A large number of people in the N.W.T. and Nunavut have tapped into a federal program meant to provide emergency help for people who have lost their job or been laid off due to COVID-19.
According to the latest statistics from the federal government, 27,790 people in the three territories have received the Canada Emergency Response Benefit for one month or more. The benefit provides applicants with $500 per week for up to six months to replace earnings lost as a result of COVID-19 shutdowns.
In an effort to get it to people as quickly as possible, the federal government does not require applicants to verify they have been laid off or have lost their job due to COVID-19. To start receiving the benefit, all they need do is answer a few questions on the phone or online. Applications must be renewed each month. As of June 28, people across the country have received a total of $53.5 billion in CERB payments.
The Canadian Taxpayers Federation wants to see the rules around CERB payments tightened up. Federal director Aaron Wudrick said the federation understood that, initially, the government had to move quickly to ensure people who had lost their jobs due to COVID-19 could buy food and pay their bills.
Wudrick says the CERB is now an incentive for some people to stay at home instead of returning to work.
“We’re months in now, and … the government has not really tightened it up. It’s not only expensive, it undermines the recovery at this point.”
Because of the size of the program, even a small amount of fraudulent claims amount to a huge expense.
N.W.T. and Nunavut CERB numbers at odds with employment numbers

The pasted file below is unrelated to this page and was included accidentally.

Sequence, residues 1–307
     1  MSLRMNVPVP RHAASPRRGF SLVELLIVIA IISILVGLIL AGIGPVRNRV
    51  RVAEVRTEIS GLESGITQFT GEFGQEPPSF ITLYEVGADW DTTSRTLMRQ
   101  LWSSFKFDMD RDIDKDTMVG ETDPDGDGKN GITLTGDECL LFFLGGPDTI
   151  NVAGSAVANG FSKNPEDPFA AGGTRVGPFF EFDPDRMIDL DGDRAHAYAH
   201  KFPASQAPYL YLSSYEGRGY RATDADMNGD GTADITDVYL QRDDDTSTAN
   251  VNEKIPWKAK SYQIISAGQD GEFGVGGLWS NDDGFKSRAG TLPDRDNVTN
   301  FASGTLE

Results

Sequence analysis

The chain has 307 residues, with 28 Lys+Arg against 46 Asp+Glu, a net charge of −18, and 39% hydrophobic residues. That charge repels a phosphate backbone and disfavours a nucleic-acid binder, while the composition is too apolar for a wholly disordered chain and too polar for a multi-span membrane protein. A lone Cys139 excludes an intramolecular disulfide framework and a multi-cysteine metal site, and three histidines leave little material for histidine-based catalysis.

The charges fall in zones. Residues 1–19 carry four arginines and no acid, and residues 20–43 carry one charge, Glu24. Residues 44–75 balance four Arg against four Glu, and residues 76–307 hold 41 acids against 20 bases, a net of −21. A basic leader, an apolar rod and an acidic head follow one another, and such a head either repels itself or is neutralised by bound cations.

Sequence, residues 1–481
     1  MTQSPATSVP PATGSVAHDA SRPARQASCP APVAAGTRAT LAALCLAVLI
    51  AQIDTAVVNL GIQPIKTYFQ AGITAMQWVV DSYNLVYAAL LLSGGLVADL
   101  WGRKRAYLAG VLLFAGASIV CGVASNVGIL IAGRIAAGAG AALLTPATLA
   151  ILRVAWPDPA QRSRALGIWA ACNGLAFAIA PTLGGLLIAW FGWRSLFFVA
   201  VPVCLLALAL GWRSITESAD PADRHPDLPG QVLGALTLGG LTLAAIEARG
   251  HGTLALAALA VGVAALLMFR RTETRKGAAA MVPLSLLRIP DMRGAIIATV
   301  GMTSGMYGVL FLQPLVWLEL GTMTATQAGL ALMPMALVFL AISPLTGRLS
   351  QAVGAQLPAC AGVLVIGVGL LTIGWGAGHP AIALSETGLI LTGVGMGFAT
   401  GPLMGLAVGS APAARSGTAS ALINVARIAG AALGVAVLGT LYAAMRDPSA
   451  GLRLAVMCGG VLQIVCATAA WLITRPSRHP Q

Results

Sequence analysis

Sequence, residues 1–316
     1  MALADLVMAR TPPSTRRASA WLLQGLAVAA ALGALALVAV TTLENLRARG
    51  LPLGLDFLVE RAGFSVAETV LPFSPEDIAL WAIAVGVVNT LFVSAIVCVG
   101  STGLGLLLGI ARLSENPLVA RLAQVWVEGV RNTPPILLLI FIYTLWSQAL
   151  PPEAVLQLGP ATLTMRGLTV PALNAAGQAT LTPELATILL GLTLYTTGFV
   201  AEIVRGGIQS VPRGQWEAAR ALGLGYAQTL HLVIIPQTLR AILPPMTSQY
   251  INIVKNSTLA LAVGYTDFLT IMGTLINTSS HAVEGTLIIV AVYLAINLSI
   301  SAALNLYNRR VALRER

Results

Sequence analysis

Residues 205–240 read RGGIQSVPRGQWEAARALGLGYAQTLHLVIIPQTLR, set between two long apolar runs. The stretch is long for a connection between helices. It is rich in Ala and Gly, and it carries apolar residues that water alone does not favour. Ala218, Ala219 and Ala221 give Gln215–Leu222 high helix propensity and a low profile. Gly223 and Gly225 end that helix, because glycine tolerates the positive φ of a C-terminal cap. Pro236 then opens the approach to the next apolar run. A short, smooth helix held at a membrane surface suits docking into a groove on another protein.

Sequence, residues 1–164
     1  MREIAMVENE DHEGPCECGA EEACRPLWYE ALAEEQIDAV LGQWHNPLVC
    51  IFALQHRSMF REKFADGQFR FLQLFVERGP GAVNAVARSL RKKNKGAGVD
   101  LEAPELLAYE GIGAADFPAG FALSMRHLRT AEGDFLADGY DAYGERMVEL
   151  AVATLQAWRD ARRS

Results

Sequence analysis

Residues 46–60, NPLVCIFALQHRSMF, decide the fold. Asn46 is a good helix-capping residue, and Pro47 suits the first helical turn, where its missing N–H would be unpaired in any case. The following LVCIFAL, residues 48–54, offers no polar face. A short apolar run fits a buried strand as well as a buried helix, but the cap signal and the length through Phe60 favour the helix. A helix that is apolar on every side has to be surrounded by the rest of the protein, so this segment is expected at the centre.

According to federal statistics, the number of unique applicants from the north is at odds with employment numbers in two of the three territories.
For example in January, before there were any COVID-19 restrictions, 13,800 people were employed in Nunavut, according to Statistics Canada. Since CERB was introduced in March, 8,800 Nunavummiut, or 63 per cent of the number of people working in January, have collected the benefit. Yet in Nunavut, more than half of working people are employed by government and have not suffered any loss of employment income.
Similarly in the N.W.T., 20,400 people were working in January. More than half of that number, or 10,640 people, have collected CERB payments. According to the N.W.T. Bureau of Statistics, just over 47 per cent of people working in the N.W.T. work in the public sector, where there have been no layoffs.
If only people who are eligible for the benefit are collecting it, the numbers mean that every private sector employee in the N.W.T. has collected CERB payments. In Nunavut, everyone who works in the private sector, plus approximately 1,800 more people, would have collected CERB payments.
In Yukon, CERB recipients amount to only 39 per cent of the number of people employed in that territory just before the COVID-19 shutdowns. That’s more in line with the uptake in provinces such as Alberta (42 per cent), B.C. (43 per cent) and Ontario (43 per cent).
In an email, CBC asked the federal government how it intends to recoup CERB payments that have been fraudulently claimed. The government has yet to respond.
Related stories from around the North:
Finland: Russian tourists eager to book holidays in Finland despite border closure, Yle News
Greenland: Greenland extends COVID-19 entry requirements until July 20, Eye on the Arctic
Iceland: Iceland revises COVID-19 border screening rules for citizens, residents, Eye on the Arctic
Norway: Norwegian Arctic wilderness tourism hit particularly hard by coronavirus, The Independent Barents Observer
Russia: The city that builds Russia’s nuclear submarines now has more than 2,000 COVID-19 cases, The Independent Barents Observer
Sweden: Sweden’s top epidemiologist admits he got COVID-19 strategy wrong, Radio Sweden
United States: Alaska Highway travellers might be in for rough ride this summer, CBC News